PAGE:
On the post Christmas Propelling, I mentioned my Christmas books reading list, and then Becky and Betsy both asked about the other books on that list, so here they are:
The only one that is important to me that I read every year (i.e., I look forward to it as a significant part of Christmas, and will rearrange things to make sure there's time to read it) is Maeve Binchy's This Year It Will Be Different. I love it so much, and the stories are so familiar to me now that I start getting weepy and sentimental just OPENING THE BOOK, and I just really love it.
I don't know whether to recommend it to others, though. You know how people are like, "Oh, I read Anna Karenina every year and I just LOVE it so MUCH!," and then you read it and you think "OMG this is so incredibly awful and depressing and there are so many Russian names to keep track of I can't STAND it, I want to DIE"? You know how that is? Well, I love Maeve Binchy, but when I have recommended her in the past, it has sometimes happened that the recipient of the recommendation has referred to her books as "so depressing." Whereas I find them uplifting and satisfying and if anything a little overly undepressing ("Hey, everything works out right! Again!")---but that is how some people feel about dark Russian novels that have words such as "doomed" and "tragedy" in the descriptions, so clearly there is a certain element of crapshootage to the book-recommendations thing. And it would be hard for me to say that stories involving hideous and unspeakably-rude stepdaughters, sad affairs with married men, and canceled weddings were not A BIT on the doomed/tragedy side, if someone were to read This Year It Will Be Different and then call me out on that. And I don't know if I loved it quite so much the first time I read it. And so forth.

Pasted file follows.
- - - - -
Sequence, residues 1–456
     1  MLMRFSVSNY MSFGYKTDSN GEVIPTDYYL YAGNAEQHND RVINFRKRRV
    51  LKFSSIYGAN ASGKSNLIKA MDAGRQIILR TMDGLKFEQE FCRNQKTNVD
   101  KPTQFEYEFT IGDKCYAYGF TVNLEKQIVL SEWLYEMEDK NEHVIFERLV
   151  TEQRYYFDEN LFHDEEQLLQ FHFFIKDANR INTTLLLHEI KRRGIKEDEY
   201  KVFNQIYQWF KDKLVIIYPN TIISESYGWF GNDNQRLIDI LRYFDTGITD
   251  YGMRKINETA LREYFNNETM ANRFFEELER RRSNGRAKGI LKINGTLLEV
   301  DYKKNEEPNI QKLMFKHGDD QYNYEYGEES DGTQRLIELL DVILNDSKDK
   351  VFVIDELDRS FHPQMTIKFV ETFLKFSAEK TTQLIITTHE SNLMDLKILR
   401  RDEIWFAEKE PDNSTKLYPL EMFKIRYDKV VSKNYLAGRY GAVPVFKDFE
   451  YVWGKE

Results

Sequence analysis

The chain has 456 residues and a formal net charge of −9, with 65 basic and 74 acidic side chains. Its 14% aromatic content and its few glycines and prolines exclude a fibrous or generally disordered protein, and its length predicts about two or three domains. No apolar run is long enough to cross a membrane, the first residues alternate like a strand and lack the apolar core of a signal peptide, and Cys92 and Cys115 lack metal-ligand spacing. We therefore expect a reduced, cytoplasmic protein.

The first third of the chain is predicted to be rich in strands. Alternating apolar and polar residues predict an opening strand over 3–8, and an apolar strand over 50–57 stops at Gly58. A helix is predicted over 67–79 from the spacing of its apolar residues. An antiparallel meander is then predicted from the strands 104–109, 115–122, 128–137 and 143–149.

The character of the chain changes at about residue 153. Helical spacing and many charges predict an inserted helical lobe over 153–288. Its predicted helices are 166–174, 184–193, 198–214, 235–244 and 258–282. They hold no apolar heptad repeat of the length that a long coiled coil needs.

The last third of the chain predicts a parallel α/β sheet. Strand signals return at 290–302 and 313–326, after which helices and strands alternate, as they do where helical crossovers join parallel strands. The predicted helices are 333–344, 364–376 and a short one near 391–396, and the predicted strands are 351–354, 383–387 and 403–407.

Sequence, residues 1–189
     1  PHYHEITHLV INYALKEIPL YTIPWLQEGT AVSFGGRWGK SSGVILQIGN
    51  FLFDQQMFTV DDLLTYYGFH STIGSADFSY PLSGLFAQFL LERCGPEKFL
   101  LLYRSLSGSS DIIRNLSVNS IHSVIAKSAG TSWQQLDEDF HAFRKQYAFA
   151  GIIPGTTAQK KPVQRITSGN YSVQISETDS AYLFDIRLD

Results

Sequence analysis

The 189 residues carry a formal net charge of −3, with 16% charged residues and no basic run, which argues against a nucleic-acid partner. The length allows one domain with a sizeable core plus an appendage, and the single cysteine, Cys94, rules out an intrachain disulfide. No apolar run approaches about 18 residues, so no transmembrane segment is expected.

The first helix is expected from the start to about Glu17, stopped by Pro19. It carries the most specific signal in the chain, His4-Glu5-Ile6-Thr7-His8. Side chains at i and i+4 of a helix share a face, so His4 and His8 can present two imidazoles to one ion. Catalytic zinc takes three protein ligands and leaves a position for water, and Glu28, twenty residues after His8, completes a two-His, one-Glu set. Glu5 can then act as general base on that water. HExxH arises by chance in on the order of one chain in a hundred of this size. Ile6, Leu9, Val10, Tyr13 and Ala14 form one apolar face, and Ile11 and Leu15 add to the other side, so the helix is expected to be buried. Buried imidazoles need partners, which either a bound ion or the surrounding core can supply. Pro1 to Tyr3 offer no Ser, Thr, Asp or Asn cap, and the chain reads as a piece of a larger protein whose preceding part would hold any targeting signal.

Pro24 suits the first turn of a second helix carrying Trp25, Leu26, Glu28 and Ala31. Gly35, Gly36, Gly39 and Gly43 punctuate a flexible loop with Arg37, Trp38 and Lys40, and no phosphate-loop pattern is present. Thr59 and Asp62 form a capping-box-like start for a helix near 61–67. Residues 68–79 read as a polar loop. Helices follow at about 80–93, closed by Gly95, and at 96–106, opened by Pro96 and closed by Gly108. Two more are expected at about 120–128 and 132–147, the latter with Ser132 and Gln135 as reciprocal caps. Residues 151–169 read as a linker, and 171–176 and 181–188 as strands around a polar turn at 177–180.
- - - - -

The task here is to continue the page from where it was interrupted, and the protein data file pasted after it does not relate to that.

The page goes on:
ANYWAY. It's my favorite Christmas book. And in fact I will buy a copy for someone. Leave a comment that specifically mentions it if you want to be included in the drawing; I think you ought to be able to comment on a post without being entered into a contest. My goal will be to get you a hardcover edition, because I think it's much nicer, but this means a gamble with a used copy from an Amazon Marketplace seller---speaking of crapshoots. They're always like, "NEW condition! BRAND-NEW!!" and then it arrives all dinged and scuffed. Which I wouldn't have MINDED if it had been LISTED that way.
So, as I was saying, This Year It Will Be Different is the one that's every year. Then I have Augusten Burroughs's You Better Not Cry (Amazon search results lead me to a $21.99 hardcover, but I see there is also an $8.80 bargain-priced hardcover so I linked to that), which I discussed in the Christmas Propelling post linked to above. This year I also have a new one in the pile: David Sedaris's Holidays on Ice. It has other holidays in it besides just the winter ones.
Two others on the pile are Miss Read books. They're a little hard to find, but I see there's a single volume that has both that can be bought used starting at about $4.00 (they say starting at a penny or two, but that doesn't take into account the four dollars shipping). There are in the "pleasant little tales of a quiet village" category, very nice for reading in a room with Christmas lights and maybe a fireplace.
And the last is Christmas Stories. This one includes stories by famous English-class authors: Dickens and Chekov and Updike. I shouldn't really have it in the pile, because it is the one I leaf through a little bit if I've read all the others. But it has such a pretty binding and I love seeing it with the other books.
All right, so that is the Christmas Book pile. And remember to mention in a comment if you want to try the Maeve Binchy book. I'll pick a name soon, in the hopes of getting the book there before Christmas (although there's no hope of it if it's a book-rate option, which can take weeks). How about...Monday. I'll pick someone sometime on Monday. (U.S. mailing addresses only, as usual---I have Amazon ship it directly.)
(Also see: Christmas Books Follow-Up.)
Edited to add: The winner is Sarah Filchak. I'll email you, Sarah!
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